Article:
The shrine lies close to the main Samarkand-Tashkent road, not far from the bazaar and the Shah-i-Zindar mausoleum complex (see map - photo 3)
Samarkand lies just 30 kilometres from the border with Tajikistan and, provided you have made the necessary arrangements before your arrival in Uzbekistan, a visit across the border is an interesting excursion.
First and foremost, you must have a multiple entry visa for Uzbekistan and you need to have the dates that you wish to exit from and return to Uzbekistan organised as you need to provide them with your visa application. It is almost impossible to arrange a re-entry visa once you are in the country so, if this side trip appeals, you will have to make some sort of booking via an Uzbek travel agent if you are not travelling on an organised tour. If you are a lone traveller, it will not be cheap.
Panjakent will be your destination for the day. With a typical market, a mosque and a small museum, it's just your average provincial Central Asian town but one with an important addition. High on a bluff above the town lies the pre-Islamic Sogdian city of Bunjakant. The discovery of the city in the 1940s was a major archaeological event as it had lain totally untouched ever since it was abandoned 1200 years ago.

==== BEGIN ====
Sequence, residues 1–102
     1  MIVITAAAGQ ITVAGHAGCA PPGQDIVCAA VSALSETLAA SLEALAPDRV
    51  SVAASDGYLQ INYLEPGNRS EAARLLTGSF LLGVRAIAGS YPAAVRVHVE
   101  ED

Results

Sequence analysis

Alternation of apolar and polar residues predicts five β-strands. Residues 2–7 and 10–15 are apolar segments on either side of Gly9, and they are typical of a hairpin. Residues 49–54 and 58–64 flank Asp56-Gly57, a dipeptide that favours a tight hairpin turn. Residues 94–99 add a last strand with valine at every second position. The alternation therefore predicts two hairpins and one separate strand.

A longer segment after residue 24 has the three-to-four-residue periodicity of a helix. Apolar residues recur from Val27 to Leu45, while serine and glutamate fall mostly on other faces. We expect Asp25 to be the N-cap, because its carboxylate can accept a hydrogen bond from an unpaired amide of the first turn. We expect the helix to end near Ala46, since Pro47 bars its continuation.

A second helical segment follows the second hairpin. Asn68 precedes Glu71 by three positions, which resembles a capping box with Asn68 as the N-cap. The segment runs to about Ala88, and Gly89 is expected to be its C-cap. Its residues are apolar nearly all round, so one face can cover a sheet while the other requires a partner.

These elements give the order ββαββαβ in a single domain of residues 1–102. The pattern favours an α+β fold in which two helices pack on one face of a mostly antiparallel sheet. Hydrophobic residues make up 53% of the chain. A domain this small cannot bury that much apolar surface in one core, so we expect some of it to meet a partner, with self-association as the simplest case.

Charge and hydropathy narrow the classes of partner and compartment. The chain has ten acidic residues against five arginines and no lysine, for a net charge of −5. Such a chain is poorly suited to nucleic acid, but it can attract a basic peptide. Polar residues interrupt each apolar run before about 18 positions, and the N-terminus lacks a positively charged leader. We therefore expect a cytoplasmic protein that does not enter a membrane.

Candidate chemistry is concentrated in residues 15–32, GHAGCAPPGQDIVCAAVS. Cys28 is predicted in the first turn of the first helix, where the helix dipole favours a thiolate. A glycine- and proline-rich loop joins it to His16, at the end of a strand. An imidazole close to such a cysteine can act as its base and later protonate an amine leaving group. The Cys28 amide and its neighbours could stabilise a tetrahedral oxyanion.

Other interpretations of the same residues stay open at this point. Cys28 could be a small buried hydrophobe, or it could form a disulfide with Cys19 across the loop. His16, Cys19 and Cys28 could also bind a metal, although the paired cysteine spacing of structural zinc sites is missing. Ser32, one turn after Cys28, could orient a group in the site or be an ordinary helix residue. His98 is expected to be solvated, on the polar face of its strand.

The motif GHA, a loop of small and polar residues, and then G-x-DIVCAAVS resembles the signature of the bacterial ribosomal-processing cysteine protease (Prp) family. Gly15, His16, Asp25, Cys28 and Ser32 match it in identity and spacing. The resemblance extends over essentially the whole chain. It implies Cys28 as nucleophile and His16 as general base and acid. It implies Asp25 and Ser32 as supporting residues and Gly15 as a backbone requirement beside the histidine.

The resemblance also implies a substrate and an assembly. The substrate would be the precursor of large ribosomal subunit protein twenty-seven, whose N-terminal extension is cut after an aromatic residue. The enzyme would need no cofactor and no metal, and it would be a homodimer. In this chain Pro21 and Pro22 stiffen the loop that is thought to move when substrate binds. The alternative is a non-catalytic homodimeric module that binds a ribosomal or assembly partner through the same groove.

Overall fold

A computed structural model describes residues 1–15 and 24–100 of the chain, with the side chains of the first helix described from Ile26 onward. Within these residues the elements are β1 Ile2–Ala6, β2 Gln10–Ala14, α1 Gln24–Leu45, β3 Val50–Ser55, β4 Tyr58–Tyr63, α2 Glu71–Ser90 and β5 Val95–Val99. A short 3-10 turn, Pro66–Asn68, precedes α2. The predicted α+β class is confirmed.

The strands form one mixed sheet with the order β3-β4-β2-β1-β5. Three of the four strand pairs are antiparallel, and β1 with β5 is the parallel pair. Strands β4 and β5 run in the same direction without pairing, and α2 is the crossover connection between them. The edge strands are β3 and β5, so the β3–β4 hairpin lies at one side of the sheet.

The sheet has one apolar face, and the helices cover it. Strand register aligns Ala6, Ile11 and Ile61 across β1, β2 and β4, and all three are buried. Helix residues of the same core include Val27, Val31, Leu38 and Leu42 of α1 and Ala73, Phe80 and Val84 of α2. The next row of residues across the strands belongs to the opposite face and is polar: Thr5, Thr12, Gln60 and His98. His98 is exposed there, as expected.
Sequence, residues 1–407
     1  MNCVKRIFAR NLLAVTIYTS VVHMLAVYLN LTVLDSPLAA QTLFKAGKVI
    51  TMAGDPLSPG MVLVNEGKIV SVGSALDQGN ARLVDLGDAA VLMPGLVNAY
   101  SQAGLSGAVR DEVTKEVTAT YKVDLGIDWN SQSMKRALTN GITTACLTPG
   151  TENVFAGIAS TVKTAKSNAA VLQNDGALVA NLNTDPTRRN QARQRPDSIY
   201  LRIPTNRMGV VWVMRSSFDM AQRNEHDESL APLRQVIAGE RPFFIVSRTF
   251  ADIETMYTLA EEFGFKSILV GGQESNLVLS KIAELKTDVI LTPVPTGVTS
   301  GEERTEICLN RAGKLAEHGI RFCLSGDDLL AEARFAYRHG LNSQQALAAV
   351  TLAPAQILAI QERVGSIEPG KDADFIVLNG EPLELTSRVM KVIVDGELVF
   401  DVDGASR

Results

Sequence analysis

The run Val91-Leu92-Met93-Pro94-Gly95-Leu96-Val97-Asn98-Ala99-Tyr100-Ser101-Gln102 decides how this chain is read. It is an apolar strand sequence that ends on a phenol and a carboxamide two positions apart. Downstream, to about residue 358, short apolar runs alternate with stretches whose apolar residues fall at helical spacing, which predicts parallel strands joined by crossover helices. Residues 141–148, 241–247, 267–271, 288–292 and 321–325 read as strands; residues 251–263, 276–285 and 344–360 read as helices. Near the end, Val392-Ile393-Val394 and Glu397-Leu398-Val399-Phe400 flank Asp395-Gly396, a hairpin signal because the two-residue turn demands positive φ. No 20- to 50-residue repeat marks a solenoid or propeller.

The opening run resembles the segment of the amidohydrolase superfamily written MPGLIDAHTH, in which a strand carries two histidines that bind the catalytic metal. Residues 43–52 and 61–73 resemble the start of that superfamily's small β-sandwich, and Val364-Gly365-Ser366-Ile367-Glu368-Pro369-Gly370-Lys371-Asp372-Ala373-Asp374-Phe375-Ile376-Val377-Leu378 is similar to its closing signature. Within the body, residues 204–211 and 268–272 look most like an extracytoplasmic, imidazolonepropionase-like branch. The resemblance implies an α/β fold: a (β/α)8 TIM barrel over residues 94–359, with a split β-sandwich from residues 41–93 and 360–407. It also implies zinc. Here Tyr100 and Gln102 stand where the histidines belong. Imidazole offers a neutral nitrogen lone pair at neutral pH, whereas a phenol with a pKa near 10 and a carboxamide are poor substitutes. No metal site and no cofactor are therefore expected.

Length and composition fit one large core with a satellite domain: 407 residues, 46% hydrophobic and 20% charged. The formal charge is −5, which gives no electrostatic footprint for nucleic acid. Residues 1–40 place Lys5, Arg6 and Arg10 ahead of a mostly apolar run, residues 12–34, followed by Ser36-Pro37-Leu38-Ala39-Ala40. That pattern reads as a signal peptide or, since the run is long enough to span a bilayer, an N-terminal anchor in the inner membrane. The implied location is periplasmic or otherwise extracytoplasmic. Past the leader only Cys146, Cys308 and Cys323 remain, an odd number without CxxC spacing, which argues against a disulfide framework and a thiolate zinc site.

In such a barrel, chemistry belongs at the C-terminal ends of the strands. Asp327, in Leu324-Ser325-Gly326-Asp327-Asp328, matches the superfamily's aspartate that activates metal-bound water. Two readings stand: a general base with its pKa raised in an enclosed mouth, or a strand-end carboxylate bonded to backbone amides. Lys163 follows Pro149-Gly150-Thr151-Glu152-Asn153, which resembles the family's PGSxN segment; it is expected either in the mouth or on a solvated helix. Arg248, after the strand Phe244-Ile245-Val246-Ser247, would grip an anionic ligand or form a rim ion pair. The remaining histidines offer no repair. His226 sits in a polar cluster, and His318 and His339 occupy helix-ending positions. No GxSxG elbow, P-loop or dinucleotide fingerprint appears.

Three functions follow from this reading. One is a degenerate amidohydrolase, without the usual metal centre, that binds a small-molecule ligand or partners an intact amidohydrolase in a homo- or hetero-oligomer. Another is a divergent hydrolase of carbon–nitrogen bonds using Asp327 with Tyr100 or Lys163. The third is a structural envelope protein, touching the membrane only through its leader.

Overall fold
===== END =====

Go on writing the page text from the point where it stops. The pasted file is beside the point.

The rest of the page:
If mud walls and mysterious mounds are your thing, Bunjkant will be right up your street. If you're a stamp-in-the-passport hound, Tajikistan is quite a trophy. If you're in need of a respite from blue domes and relentless retail, Panjakent will provide welcome relief - a laid-back, lazy day - we all need those if we're not to collapse from culture overload.
This page on Panjakent describes what you can expect in more detail along with immigration and customs procedures, what's for lunch, etc.
One interesting place to visit, culturally, if for no other reason, is the Jewish Cemetary- apparently there's a decent Jewish population in the region!
Anyway, if you're heading to Afrosiab, it's on the way!
I liked this church very much. Good proportions and simple, but nice decoration inside. It's an ortodox church and it's near of St. Alexei Cathedral so if you're in this area don't hesitate to visit it. Usually it's closed inside, you can only see it when the mass, at 17:30.
M.Koshgari Street, in front of Hotel Sherdor